Who doesn't love flowers that bloom all summer? If you're short on space, of course it’s smart to pack your garden with plants that flower over the longest possible season. There are some great long-blooming perennials out there: Texas sage (Salvia x greggii) and Cape fuchsias (Phygelius) flower from May onwards, and Fuchsia and flowering maple (Abutilon) often flower from June to frost.
But there’s something especially captivating about a plant that doesn’t flower until until the very moment when everything else is winding down. The season shifts, leaves begin to turn, it feels like the end, and all of a sudden, a brilliant flash of flowers appear.
If that sounds like fun stuff, look into these five, very late-blooming plants. You can find them at local nurseries now and, of course, they’ll actually be flowering, so you know exactly what you’re getting.
Plant them now, while you can see and enjoy their special attributes. Next October, when the rest of your garden is closing up shop, you’ll be thankful you did.
Autumn crocus (Colchicum)
A fall-blooming bulb with pinkish-purple or white, goblet-shaped flowers in late September to late October. Flowers usually reach about 5-8” tall. In mid-spring, the leaves rise to about a foot tall – big, coarse and kind of floppy. The foliage disappears for the summer, then the next thing you know, it's late September, and the flowers are popping up like magic on leafless stems. So pretty! It’s the perfect plant for a hot, dry parking strip garden. Read more about Colchicum. Note: Colchicum bulbs are usually for sale in August (cheapest when sold in bulb form) but you can usually find them potted up in September and October.
Buy it: local retail nurseries usually stock a few; or try:
“Oregon grape” (Mahonia eurybracteata)
This “Oregon grape” (though Asian in origin, not the Oregon native Mahonia) produces small, sunny yellow sprays of flowers at the tips of stems in October and into November. The narrow, evergreen foliage has a lacy look and is not prickly. Plants reach about just over 4’ tall and wide, and do best in dappled shade and reasonably moist, well-drained soil.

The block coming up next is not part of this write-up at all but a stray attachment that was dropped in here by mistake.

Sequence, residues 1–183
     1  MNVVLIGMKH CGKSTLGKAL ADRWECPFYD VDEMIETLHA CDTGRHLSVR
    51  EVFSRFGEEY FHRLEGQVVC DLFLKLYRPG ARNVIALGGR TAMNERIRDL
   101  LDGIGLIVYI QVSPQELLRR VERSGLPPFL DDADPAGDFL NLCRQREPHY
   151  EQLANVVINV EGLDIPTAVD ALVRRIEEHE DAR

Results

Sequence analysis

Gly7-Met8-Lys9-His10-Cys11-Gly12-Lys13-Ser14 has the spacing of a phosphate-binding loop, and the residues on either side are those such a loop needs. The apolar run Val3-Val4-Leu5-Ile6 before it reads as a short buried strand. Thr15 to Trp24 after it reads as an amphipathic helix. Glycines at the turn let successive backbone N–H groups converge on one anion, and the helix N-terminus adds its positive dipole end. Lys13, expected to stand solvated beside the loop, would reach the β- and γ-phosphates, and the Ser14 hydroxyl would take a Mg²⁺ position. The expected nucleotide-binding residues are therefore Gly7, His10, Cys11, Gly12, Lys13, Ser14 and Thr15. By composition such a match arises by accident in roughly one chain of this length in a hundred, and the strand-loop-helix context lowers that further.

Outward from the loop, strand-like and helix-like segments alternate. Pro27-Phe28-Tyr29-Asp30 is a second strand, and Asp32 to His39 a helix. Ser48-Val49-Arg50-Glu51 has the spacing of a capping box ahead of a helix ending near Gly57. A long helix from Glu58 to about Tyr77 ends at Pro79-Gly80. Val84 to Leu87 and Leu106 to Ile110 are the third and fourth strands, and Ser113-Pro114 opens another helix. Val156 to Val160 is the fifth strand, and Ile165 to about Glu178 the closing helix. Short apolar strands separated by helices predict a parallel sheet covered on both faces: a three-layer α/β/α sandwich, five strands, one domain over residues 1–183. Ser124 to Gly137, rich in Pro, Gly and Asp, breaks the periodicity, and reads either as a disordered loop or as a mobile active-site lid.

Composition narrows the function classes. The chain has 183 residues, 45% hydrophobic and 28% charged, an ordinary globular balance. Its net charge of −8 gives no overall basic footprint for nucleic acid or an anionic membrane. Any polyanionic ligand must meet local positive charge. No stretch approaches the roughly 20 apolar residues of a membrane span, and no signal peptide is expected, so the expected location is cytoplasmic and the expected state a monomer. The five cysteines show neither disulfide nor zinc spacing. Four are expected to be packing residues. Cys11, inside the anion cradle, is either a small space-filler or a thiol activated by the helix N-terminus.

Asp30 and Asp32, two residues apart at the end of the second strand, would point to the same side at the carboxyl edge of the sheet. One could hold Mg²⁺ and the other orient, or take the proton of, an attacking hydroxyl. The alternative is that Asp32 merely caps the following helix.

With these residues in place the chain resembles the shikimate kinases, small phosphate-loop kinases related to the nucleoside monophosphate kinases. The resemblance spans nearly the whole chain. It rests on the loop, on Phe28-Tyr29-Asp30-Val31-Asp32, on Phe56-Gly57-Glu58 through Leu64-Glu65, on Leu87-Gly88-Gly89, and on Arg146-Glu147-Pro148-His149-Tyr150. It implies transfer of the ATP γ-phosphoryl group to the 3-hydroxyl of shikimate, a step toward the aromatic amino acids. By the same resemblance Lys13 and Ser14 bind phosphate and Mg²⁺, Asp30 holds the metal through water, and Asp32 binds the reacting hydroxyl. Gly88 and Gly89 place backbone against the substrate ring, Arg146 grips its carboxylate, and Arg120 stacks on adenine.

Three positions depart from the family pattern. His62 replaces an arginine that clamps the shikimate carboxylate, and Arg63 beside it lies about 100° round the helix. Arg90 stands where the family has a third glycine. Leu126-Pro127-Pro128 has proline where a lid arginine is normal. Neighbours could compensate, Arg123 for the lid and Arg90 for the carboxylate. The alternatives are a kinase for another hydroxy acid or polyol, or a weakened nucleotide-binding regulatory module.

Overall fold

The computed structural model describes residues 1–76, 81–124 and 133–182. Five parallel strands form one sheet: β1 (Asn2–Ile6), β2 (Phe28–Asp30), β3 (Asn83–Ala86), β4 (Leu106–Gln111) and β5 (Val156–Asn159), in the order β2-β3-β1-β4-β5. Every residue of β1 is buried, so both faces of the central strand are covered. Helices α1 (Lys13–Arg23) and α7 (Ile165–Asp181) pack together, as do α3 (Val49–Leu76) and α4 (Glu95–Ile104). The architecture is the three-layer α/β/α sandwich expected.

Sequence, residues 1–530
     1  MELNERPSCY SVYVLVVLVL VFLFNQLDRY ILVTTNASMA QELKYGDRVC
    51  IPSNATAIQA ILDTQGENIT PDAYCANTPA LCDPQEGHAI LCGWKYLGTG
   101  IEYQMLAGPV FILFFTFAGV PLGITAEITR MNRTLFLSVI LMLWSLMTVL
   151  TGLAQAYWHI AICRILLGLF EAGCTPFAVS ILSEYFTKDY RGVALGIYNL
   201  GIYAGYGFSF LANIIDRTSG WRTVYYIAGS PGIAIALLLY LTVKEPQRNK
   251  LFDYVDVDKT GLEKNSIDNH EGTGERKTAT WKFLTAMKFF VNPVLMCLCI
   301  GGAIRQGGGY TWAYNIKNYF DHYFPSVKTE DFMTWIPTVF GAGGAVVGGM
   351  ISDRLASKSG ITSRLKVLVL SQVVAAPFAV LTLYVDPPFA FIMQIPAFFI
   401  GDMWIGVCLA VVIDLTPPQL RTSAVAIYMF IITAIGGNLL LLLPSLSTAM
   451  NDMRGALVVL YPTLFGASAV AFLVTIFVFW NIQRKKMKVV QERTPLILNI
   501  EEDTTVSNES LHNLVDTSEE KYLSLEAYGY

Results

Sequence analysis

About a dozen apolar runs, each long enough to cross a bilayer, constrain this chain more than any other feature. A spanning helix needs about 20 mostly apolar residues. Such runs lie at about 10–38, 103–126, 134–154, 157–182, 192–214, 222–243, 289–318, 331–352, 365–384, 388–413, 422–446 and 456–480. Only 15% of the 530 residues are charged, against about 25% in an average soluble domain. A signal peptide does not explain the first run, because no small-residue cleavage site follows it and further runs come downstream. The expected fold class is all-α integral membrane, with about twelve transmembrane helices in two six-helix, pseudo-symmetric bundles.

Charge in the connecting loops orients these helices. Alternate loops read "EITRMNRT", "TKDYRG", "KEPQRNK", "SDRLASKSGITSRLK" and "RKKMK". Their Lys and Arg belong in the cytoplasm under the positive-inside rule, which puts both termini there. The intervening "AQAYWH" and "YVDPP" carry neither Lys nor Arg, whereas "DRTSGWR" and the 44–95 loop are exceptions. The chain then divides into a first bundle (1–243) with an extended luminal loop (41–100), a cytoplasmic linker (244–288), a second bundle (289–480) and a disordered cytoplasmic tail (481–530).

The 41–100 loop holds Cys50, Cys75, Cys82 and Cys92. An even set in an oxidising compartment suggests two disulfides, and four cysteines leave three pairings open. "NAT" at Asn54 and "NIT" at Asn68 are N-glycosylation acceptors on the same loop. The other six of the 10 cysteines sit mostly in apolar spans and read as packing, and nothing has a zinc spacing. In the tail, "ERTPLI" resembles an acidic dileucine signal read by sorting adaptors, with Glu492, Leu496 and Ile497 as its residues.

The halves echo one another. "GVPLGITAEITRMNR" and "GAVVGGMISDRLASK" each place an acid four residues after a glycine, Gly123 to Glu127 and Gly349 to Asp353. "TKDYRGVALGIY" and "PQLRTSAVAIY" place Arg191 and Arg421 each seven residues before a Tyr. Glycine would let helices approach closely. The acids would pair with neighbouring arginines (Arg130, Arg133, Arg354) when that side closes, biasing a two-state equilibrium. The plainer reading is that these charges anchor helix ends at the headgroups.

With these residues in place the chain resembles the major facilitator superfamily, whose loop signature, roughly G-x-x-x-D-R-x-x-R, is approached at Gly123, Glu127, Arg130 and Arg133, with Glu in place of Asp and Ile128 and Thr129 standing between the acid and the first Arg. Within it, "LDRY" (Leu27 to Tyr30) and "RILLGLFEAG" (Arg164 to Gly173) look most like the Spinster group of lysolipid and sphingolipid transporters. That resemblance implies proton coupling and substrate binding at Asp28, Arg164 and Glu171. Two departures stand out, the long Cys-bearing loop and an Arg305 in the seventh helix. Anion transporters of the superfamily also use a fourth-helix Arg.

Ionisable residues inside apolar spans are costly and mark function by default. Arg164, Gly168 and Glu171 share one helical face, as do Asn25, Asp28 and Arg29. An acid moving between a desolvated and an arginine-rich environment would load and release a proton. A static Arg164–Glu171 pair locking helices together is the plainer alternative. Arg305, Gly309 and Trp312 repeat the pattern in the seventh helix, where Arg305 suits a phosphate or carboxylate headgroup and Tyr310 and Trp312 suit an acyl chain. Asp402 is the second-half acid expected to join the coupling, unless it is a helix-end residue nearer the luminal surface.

Try local retail nurseries. Most carry it, often under the name “Soft Caress” (a trademarked name).
Sweet olive (Osmanthus)
Osmanthus are tough, evergreen shrubs with tiny blossoms scented like orange and apricot that open over a long period, from late September into November. Leaves can be prickly or smooth and gold- or white-variegated, purple-tinted or green. The tiny flowers are usually white or even soft orange. There are dwarf plants reaching just 4’ tall and others that acquire a tree-like stature. Most are pretty tough and drought-tolerant and can take sun or shade. Read more about Osmanthus.
Try local retail nurseries such as the Portland Nursery – and:
Toad lily (Tricyrtis)
Toad lilies look elegant all summer, with neat, usually slightly weeping foliage, but not until fall do you see the delicate, orchid-like flowers. Blossoms appear in the leaf axils along the stem and can be white, purple or any variation of the two. Most toad lilies are 1-2’ tall. A few species are buttery yellow, with a drooping habit. Toad lilies thrive in damp, rich, well-drained soil in partial shade.
Local retailers usually have plenty of selections in fall. Or try:
California fuchsia (Zauschneria, syn. Epilobium)
California fuchsia can come into flower in late summer but most don’t really kick into gear until late September to early October – then they flower non-stop til frost. The tubular, sizzling orange flowers attract droves of hummingbirds. (There is a pale pink form, as well.) Some are semi-evergreen, others are deciduous and look like a messy bunch of twigs all winter (birds love to hop through it and root for bugs). These are drought-tolerant, sun-loving plants that are best in poor, lean soil with no supplemental summer water.
Local nurseries often carry several varieties. Also, try: